Subject(s)
Communicable Diseases , Hantavirus Infections , Hantavirus Pulmonary Syndrome , Hantavirus , Chile/epidemiology , Hantavirus Infections/epidemiology , Hantavirus Pulmonary Syndrome/epidemiology , Humans
2.
Radiol Clin North Am ; 60(3): 383-397, 2022 May.
Article in English | MEDLINE | ID: mdl-35534126

ABSTRACT

Viral pneumonia is usually community acquired and caused by influenza, parainfluenza, respiratory syncytial virus, human metapneumovirus, and adenovirus. Many of these infections are airway centric and chest imaging demonstrates bronchiolitis and bronchopneumonia, With the exception of adenovirus infections, the presence of lobar consolidation usually suggests bacterial coinfection. Community-acquired viral pathogens can cause more severe pneumonia in immunocompromised hosts, who are also susceptible to CMV and varicella infection. These latter 2 pathogens are less likely to manifest the striking airway-centric pattern. Airway-centric pattern is distinctly uncommon in Hantavirus pulmonary syndrome, a rare environmentally acquired infection with high mortality.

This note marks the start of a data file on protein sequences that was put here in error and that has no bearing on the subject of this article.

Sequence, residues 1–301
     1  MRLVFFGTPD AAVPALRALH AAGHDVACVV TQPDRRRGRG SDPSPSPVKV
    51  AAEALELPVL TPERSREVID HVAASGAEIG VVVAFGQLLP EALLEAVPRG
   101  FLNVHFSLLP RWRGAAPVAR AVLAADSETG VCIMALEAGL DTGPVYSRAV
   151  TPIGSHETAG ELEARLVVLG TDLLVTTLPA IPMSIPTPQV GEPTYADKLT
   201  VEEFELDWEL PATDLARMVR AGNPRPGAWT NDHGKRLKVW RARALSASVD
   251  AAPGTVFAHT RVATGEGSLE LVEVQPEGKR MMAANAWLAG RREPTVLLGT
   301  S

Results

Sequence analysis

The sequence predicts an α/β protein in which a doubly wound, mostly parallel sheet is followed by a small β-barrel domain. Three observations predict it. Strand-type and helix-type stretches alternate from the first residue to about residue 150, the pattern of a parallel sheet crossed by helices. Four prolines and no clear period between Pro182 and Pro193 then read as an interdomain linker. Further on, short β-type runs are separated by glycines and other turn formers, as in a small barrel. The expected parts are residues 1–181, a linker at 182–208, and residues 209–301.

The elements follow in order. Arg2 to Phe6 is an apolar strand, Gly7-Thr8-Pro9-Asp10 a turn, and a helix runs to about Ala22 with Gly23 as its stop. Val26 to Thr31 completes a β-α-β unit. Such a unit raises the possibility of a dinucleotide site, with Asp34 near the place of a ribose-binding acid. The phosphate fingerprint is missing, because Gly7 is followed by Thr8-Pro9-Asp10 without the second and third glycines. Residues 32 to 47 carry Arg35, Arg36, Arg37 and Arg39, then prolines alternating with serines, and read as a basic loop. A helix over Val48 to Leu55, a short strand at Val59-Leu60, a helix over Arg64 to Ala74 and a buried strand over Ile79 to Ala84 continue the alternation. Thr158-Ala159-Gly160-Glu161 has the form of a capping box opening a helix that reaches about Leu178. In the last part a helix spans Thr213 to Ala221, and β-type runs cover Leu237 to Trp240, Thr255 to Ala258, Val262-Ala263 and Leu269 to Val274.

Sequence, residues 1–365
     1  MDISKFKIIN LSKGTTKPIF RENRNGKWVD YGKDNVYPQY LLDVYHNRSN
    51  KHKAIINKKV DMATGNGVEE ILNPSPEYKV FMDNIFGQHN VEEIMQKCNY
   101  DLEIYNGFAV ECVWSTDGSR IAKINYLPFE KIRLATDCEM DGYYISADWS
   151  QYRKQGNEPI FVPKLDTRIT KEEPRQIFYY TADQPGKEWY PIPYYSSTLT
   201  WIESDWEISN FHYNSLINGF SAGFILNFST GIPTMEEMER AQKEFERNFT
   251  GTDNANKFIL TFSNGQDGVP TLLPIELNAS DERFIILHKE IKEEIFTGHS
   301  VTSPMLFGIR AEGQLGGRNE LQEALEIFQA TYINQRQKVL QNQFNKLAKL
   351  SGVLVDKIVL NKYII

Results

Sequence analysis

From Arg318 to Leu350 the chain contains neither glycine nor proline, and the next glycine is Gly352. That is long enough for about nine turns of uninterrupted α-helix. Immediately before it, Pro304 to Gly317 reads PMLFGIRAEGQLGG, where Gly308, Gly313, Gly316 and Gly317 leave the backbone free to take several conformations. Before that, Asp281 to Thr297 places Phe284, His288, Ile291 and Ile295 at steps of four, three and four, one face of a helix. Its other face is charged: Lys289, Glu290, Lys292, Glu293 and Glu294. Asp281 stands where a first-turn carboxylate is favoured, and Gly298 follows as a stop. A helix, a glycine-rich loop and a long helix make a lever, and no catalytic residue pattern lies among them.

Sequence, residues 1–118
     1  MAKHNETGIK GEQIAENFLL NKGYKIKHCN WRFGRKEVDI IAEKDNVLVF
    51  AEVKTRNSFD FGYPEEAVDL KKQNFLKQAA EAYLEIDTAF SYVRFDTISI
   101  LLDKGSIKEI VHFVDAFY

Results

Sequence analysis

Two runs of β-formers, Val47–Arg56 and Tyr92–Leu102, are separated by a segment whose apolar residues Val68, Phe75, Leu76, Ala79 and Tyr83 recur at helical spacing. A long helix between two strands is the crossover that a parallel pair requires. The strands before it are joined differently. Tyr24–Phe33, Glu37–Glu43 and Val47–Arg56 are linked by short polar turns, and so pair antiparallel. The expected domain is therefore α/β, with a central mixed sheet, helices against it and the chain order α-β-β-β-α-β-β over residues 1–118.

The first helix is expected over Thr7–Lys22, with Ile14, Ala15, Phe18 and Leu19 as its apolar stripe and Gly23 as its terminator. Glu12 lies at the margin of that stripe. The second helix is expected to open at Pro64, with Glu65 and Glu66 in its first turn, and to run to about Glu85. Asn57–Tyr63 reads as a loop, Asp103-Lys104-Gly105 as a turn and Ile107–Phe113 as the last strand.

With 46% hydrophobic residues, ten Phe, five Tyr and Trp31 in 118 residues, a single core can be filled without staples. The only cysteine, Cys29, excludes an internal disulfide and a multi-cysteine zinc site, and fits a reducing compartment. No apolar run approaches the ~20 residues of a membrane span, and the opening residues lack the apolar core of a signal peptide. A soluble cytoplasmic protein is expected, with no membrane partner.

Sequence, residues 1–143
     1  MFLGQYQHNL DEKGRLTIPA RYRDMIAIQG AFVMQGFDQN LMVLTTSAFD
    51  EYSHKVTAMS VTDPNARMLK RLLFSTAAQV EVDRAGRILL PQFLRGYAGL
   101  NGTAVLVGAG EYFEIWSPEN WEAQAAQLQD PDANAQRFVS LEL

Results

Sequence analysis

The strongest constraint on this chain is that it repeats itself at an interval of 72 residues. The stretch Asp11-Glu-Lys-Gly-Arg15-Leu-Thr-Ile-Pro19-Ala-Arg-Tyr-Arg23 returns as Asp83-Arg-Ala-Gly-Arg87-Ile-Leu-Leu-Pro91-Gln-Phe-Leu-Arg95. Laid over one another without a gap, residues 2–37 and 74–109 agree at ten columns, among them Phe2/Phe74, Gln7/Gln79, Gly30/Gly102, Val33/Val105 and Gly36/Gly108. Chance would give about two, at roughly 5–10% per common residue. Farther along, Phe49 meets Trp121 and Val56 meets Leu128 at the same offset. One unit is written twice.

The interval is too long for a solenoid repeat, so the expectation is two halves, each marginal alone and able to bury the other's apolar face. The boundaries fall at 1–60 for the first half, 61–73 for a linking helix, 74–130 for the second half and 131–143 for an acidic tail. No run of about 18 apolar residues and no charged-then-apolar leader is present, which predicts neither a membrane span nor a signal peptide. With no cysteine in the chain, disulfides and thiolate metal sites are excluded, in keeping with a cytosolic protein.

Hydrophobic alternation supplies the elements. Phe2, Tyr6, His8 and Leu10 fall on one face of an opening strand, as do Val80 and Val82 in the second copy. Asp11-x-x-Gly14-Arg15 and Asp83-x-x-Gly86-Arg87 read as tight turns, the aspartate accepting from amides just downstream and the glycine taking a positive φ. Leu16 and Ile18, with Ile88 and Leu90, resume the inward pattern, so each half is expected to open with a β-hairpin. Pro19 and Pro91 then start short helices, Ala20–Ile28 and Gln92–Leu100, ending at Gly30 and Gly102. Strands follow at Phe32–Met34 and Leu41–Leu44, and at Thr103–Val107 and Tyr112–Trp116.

Subject(s)
Bronchiolitis , Influenza, Human , Pneumonia, Viral , Humans , Immunocompromised Host , Influenza, Human/diagnostic imaging , Pneumonia, Viral/complications , Pneumonia, Viral/diagnostic imaging
3.
J Anim Ecol ; 2022 Mar 31.
Article in English | MEDLINE | ID: mdl-35362148

ABSTRACT